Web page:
Games That Pushed The Limits of the Super Nintendo (SNES)

SNES Games That Pushed The Limits of Graphics and Sound

Presented by Radarscope1, MrGoodbytes, Ack,  Racketboy, and other forum contributors

In case you haven’t followed Racketboy very long, the Pushed The Limits series (see our NES, TG16, and Genesis installments)  takes a look at the games that truly made the most of a console’s hardware.   Over the years, I have been fascinated by the history of the various machines that have battled for our living rooms. Each machine has had its strengths and weaknesses, and as a programmer, I’m amazed by some of the ways developers have harnessed the power of consoles and pushed them to their limits resulting is some marvelous games.  I usually try to emphasize that gameplay is more important that graphical quality. However, with this series, I thought it would be interesting to take a look at games that were the most demanding when it came to a console’s limited system resources.

In the 8-bit and 16-bit eras, Nintendo was notorious for dragging out the life-cycles of their consoles, which gave developers plenty of time to perfect their programming and graphical techniques to make the most of the hardware.  We had no shortage of games to add to this list — it was actually quite a process of narrowing it down.  I’m sure there will be some that the community will mention that may have been overlooked, but I think you’ll find that we covered a lot of ground here.  Enjoy!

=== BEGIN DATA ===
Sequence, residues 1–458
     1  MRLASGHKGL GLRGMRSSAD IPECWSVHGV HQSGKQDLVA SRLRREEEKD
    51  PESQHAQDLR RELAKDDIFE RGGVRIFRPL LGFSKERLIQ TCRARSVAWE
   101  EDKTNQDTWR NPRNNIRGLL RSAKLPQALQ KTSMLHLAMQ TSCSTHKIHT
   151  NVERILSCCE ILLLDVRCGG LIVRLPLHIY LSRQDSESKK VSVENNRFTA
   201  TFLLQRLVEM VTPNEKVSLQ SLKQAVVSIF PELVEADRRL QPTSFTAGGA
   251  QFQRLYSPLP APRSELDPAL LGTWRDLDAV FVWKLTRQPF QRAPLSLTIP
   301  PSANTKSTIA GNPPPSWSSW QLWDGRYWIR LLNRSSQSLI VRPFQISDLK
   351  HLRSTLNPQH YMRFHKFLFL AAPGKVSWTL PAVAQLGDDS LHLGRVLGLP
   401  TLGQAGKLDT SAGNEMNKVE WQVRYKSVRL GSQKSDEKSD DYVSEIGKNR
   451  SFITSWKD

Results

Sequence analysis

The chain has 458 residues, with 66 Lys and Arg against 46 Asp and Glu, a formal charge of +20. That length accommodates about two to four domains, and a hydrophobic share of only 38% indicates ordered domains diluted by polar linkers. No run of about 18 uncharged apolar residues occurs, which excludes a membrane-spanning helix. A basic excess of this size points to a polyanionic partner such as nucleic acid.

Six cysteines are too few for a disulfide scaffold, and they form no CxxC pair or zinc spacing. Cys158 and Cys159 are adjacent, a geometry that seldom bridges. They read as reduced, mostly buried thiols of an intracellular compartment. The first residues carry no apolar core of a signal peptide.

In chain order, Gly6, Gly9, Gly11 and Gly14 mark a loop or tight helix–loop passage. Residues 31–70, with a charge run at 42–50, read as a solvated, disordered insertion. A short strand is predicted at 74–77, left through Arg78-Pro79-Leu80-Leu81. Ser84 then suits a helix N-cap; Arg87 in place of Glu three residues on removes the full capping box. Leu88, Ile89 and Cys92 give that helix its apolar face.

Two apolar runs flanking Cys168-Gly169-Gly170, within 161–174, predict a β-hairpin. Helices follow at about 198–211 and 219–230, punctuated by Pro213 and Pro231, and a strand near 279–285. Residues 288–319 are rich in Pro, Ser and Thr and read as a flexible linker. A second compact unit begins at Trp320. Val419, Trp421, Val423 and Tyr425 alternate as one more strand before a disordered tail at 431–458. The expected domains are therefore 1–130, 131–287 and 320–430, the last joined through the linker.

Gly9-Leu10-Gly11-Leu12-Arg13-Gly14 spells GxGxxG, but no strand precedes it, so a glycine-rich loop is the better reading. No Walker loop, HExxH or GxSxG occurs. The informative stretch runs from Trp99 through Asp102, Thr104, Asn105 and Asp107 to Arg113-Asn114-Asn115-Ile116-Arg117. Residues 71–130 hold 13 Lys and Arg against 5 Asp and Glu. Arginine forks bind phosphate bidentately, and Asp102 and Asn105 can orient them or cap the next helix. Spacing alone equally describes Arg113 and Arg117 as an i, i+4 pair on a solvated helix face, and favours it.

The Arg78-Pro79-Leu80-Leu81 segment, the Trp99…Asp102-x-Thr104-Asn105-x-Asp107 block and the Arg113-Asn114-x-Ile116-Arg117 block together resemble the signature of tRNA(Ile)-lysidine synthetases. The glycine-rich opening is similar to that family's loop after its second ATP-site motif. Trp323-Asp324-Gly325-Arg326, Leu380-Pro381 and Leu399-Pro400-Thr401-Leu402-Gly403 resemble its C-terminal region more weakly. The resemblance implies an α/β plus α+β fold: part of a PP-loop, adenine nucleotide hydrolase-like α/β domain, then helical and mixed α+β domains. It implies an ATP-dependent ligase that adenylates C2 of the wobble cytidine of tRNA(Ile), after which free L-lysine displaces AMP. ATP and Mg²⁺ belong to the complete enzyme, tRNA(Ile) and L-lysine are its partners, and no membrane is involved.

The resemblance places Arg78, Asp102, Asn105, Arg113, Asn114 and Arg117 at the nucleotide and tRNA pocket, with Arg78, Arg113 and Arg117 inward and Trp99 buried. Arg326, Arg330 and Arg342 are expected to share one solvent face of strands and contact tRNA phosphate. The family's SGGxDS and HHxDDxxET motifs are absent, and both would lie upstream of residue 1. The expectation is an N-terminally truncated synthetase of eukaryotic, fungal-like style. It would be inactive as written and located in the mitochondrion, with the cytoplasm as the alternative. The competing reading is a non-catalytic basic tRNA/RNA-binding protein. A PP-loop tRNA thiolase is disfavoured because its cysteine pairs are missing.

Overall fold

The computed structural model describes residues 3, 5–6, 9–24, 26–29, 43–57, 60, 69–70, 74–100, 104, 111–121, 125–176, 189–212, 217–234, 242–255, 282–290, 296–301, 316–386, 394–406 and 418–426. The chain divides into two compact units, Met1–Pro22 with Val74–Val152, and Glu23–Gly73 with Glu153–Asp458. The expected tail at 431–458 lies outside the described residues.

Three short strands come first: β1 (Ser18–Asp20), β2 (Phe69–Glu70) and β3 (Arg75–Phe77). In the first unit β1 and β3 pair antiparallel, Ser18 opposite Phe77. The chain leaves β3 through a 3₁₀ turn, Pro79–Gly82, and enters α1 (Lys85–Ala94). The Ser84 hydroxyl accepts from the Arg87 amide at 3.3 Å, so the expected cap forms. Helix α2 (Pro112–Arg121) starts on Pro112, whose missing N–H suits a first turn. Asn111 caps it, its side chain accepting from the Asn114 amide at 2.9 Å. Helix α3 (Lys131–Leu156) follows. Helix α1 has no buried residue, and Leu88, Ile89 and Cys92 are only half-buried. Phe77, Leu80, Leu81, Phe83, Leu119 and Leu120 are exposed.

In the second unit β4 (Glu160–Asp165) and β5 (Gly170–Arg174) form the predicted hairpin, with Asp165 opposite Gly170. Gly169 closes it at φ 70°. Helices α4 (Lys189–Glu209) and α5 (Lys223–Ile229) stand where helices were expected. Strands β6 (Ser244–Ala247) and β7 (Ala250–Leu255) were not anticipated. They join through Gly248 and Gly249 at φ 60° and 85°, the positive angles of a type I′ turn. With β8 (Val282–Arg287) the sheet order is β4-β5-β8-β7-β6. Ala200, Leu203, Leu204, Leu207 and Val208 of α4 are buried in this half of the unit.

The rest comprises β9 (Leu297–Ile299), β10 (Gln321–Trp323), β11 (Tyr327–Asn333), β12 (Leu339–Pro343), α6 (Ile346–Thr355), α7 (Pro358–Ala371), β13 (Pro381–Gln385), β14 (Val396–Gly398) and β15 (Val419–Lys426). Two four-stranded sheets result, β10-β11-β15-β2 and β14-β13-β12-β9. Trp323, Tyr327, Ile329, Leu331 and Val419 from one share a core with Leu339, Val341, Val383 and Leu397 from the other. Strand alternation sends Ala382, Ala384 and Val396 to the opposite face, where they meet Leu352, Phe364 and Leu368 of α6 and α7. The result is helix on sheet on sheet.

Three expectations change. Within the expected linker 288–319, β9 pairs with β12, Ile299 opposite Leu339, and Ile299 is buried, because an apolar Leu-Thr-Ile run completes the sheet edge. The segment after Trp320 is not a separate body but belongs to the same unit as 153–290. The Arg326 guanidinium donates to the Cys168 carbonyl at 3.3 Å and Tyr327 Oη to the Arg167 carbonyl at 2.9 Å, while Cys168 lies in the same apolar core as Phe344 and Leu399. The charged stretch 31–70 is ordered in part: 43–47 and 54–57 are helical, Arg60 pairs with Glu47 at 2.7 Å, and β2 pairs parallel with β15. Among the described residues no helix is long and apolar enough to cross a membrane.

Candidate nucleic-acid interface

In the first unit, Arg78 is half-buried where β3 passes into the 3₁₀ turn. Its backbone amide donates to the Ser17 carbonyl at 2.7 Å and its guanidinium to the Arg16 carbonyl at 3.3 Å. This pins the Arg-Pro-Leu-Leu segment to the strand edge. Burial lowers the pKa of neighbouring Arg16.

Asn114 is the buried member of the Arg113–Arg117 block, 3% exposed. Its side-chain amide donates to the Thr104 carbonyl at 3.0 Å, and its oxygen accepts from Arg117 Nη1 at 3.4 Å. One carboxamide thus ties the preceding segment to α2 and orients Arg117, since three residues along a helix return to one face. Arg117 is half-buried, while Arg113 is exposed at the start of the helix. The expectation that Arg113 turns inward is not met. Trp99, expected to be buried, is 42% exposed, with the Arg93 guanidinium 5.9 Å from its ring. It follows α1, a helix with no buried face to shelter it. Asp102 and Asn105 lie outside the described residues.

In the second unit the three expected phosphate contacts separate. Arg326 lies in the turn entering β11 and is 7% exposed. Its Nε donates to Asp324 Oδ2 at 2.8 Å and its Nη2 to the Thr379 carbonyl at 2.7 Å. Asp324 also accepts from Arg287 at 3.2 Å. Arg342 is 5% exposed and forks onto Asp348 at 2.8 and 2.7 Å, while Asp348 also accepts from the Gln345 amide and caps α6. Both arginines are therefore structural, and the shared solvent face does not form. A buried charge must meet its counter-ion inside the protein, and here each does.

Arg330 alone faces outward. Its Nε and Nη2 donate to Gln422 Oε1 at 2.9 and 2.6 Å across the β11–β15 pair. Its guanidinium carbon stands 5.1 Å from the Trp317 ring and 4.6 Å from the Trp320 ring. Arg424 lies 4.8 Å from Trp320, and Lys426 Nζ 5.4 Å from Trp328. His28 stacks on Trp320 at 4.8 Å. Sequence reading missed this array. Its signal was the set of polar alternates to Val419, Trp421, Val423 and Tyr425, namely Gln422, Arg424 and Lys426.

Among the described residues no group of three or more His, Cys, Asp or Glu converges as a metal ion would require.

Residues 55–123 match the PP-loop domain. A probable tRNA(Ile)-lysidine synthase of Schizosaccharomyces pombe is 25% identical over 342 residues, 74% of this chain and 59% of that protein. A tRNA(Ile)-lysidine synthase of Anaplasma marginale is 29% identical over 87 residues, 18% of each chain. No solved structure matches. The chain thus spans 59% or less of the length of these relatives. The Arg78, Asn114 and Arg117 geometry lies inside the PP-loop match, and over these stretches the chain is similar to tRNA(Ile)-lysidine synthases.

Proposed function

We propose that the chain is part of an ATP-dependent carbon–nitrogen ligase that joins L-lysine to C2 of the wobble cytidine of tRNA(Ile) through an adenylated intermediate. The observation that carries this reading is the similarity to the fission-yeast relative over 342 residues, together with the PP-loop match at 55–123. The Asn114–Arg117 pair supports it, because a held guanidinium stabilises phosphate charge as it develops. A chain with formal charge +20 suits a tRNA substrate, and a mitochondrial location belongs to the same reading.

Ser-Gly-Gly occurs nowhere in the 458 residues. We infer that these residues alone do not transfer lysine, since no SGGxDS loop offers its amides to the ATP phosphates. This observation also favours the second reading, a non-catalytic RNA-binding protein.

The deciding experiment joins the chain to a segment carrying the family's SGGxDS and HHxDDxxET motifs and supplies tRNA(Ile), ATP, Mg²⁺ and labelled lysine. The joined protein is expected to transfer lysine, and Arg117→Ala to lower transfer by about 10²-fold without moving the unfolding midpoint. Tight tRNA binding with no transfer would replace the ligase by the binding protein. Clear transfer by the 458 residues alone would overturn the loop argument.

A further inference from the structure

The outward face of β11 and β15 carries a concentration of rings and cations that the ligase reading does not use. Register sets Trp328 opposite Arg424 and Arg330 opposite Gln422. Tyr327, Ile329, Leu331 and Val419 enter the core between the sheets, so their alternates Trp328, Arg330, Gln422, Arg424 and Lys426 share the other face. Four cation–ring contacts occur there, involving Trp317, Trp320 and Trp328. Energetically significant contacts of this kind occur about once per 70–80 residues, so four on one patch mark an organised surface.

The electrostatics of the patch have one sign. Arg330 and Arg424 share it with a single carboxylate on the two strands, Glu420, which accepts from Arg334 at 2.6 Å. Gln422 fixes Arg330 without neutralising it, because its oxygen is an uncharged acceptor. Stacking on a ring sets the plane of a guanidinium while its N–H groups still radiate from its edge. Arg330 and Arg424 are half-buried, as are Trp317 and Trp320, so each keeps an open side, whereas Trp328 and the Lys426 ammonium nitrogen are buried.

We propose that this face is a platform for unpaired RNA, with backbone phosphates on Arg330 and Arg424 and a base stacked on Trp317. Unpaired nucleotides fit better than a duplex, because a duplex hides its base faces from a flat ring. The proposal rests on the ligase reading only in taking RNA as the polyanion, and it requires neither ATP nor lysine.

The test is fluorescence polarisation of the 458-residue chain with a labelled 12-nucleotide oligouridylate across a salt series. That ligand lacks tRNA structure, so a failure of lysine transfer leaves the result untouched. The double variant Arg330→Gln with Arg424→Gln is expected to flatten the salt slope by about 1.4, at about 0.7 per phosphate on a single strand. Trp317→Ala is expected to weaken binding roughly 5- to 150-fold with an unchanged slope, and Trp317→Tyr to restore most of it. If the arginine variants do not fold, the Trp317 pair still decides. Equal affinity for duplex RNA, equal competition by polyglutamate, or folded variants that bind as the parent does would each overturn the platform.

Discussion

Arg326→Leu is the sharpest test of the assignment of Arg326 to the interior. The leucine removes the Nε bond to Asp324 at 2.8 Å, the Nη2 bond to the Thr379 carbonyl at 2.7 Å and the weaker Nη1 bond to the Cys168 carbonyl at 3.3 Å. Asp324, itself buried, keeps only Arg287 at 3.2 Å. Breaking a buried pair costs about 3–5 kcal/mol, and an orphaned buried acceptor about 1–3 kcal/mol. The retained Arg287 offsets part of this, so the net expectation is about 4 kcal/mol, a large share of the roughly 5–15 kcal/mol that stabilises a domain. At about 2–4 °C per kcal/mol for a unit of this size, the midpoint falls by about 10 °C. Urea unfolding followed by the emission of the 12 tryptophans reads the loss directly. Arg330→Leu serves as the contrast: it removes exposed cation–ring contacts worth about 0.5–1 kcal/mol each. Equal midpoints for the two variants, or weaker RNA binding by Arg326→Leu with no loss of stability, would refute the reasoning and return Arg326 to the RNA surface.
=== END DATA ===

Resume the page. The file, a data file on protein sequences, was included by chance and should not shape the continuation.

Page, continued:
Donkey Kong Country Series

Donkey Kong Country ScreenshotRelease Date: 11/21/1994
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Key Technical Features:

  • Amazing Pseudo-3D graphics without Additional Hardware
  • Extremely Fluid animations
  • Very high color count

What Makes The Game Special:
With CD-based consoles already providing growing competition and powerful next-generation machines from Sega and Sony on the horizon, Nintendo released Donkey Kong Country in time for Christmas of 1994. Developed by Rare, the game featured pre-rendered CGI graphics that stood out from anything else offered on consoles at the time.